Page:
Extraordinary uniform intensity can produce high quality images. Multiple gels can be placed on the surface with uniform illumination of each lane and gel. The coefficient of variance is less than 5% in uniformity for the full filter area.

Low performance transilluminators have 8 watt bulbs, whereas high performance transilluminators have upto 25 watt bulbs. 

UV-to-blue converter plate can be placed on top of a transilluminator for conversion of UV to blue light. In addition, an amber filter should also be viewed for visualization.

UV-to-white converter plate converts UV to white light and is used in viewing colored dyes in table models. It is utilized to view colored samples like coomassie blue or silver stained gels. It serves as a cheaper alternative to white transilluminators.

Use and Applications of Transilluminator

The main usage of a UV transilluminator is in the visualization of protein and DNA polyacrylamide and agarose gels after the process of electrophoresis. It provides researchers with the compact footprint of the gel. The gels are placed directly on the UV transilluminator. But the wavelength will change depending on the specific application. It is used to find out the tumor masses and facilitate medical inspection. It is used in DNA fluorescence, protein fluorescence, and gel electrophoresis. When a transilluminator is used at 365 nm, there is no occurrence of photonicking, thus facilitating the usage of UV radiation for extended periods. This can be used for routine imaging in a gel doc system. 302 nm is useful for fast observation of a single band.  245 nm can be used for the recording of gels.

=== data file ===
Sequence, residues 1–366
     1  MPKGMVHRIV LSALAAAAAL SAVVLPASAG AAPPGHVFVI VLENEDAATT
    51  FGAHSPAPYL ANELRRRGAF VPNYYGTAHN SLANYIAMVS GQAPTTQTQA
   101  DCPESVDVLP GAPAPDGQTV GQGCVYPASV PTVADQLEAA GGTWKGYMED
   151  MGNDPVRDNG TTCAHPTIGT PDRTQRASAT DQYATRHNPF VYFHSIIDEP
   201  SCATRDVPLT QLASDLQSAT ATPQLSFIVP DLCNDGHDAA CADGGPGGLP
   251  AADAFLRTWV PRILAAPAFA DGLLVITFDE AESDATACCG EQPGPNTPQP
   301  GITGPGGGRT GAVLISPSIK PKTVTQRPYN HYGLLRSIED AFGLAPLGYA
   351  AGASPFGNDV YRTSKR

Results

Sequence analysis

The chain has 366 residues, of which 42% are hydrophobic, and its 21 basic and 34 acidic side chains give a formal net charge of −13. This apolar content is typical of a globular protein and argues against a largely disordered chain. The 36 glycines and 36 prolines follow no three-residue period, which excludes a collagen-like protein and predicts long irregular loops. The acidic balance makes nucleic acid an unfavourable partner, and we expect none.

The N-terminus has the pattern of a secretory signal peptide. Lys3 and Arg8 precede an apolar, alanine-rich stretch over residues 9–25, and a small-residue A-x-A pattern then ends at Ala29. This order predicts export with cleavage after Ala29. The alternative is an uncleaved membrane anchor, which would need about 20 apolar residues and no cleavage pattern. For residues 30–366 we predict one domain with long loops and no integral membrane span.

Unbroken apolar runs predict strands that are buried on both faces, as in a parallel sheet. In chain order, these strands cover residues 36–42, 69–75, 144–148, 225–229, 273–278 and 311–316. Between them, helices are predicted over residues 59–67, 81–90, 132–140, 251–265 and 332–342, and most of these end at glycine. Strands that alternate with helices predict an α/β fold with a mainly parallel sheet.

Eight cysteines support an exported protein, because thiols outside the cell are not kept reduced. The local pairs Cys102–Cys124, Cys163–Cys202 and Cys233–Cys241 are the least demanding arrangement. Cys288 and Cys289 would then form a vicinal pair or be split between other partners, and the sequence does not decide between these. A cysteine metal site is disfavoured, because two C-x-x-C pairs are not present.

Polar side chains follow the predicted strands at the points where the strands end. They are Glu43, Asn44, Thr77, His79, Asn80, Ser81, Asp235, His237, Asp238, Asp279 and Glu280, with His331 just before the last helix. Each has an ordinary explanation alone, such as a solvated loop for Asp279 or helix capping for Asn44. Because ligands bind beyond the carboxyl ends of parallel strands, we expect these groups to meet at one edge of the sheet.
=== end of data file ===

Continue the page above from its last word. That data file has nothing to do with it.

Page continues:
Transilluminators are very useful for the below mentioned purposes:

  • Chemiluminescence,
  • Multiplex fluorescence,
  • NIR, 
  • RGB, (non-fluorescent) 
  • DNA gels 
  • Protein gels 
  • Plant imaging 
  • Fluorescent dyes 
  • Colorimetric imaging, 
  • Counting of colony
  • Gel to gel comparison
  • PCR product sizing
  • Verification of integrity of RNA after extracting